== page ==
The other objective, which called for at least 40% of electricity to come from non-fossil fuels, has now been accomplished. The power ministry’s most recent statistics show that non-fossil fuels now account for 41.5% of India’s 403 GW installed electricity capacity. Hydropower makes up over 11% of this capacity, while renewable energy sources including wind, solar, and others make up over 28%.


A 10% increase in the percentage of non-fossil fuels used to generate electricity is not an impossible goal given that the majority of new capacity additions are occurring in the renewable energy sector.


PM Modi’s promises at Glasgow – A slippery slope


Modi made two pledges in Glasgow that haven’t been turned into official goals. India’s non-fossil fuel electricity generation capacity would reach 500 GW in 2030, according to the prime minister. Additionally, he had stated that between now and 2030, India would reduce its net projected emissions by at least one billion tonnes of carbon dioxide equivalent.


These two pledges were both tough. It is challenging to reach the 2030 non-fossil fuel electricity capacity objective of 500 GW. Over 236 GW, or 58.5 percent, of the current installed capacity of 403 GW comes from fossil fuel sources, while non-fossil fuels, which comprise not just renewable energy sources like solar and wind but also hydropower, nuclear power, and other sources, make up only 167 GW.


To accomplish the 500 GW goal, non-fossil capacity additions would need to treble in the following ten years.


The total installed electrical capacity has increased significantly over the past ten years (from 199 GW in 2012 to 403 GW now), but this is due to a variety of factors. While installed capacity from fossil fuels has doubled during this time, renewable energy has witnessed a remarkable development.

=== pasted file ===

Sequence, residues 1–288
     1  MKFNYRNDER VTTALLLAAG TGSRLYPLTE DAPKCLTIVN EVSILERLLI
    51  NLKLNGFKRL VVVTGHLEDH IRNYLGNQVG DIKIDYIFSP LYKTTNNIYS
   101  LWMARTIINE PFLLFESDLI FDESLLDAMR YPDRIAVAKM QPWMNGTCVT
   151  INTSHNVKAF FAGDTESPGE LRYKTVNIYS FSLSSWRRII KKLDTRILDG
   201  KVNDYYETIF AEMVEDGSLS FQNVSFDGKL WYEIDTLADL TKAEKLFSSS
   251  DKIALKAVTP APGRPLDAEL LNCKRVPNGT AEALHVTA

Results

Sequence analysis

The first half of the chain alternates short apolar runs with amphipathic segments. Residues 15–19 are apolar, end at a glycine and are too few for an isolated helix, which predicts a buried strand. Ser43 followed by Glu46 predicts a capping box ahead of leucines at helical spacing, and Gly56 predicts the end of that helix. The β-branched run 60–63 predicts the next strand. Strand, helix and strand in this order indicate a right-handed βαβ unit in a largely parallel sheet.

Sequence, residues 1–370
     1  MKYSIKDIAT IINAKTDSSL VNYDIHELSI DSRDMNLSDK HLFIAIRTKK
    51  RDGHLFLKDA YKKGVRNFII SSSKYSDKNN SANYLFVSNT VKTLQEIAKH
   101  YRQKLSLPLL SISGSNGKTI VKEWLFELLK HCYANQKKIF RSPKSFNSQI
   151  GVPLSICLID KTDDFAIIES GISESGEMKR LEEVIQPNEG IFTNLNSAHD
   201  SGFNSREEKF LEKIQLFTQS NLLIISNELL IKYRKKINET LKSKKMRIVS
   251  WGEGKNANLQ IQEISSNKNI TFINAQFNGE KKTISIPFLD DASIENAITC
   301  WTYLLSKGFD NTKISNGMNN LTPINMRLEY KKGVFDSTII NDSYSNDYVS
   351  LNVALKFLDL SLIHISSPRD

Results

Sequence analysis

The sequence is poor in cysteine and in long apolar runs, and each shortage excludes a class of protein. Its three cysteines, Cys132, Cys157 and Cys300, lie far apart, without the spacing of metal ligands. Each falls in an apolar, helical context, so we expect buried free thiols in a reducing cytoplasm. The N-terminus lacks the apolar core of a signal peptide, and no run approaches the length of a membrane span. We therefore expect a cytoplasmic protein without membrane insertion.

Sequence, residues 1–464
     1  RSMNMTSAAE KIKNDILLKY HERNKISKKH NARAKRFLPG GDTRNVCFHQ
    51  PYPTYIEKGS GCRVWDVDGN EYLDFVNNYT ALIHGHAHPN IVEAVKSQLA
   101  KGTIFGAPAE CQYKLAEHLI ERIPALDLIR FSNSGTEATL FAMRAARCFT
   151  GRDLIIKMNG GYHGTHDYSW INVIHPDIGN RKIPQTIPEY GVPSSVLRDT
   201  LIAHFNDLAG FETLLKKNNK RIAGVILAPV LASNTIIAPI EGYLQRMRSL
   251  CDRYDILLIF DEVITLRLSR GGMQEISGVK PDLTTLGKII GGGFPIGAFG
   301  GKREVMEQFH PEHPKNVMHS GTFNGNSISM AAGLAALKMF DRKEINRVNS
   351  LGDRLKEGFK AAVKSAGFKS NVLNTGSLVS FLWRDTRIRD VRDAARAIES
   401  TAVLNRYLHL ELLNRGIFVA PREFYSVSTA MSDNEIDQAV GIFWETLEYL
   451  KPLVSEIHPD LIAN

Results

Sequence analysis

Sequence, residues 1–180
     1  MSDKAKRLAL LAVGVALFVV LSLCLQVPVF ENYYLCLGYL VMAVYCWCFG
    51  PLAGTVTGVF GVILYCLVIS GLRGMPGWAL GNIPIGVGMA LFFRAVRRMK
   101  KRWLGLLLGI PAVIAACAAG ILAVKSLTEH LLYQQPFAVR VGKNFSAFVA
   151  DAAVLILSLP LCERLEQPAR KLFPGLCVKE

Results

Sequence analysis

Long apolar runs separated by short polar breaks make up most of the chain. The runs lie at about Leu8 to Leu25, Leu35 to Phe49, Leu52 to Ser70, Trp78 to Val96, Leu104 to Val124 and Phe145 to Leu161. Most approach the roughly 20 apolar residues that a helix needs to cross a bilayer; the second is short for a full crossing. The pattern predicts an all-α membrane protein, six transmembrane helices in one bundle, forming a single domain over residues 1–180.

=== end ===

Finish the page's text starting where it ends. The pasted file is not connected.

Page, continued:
Even more troublesome was the pledge to cut at least one billion tonnes of carbon dioxide equivalent from total estimated emissions through 2030. It was also the least clear target. It was the first time India had set a climate goal based on an absolute decrease in emissions.


But it appears that little planning went into its announcement. India’s emissions for 2030 are not officially projected. The trajectory of emissions from now to 2030 is likewise unclear. The aim would have had no purpose without a baseline.


India’s annual forecasts are anticipated to increase from over 3.3 billion tonnes in 2018 to approximately 4 billion tonnes by 2030, according to certain estimates. Thus, by the year 2030, India may have produced anywhere from 35 to 40 billion tonnes of carbon dioxide equivalent. One billion tonnes less from this would be a reduction of 2.5 to 3%. Some government representatives contend that if India meets its stated goals, the benefits in terms of emissions saved could be far greater than one billion tonnes.


The revised NDC also clarifies some of the ambiguity that had resulted from the Prime Minister’s remarks in Glasgow. The words “energy” and “renewables” were interchanged in the written speech for “electricity” and “non-fossil energy sources,” respectively.


(With inputs from the Indian Express)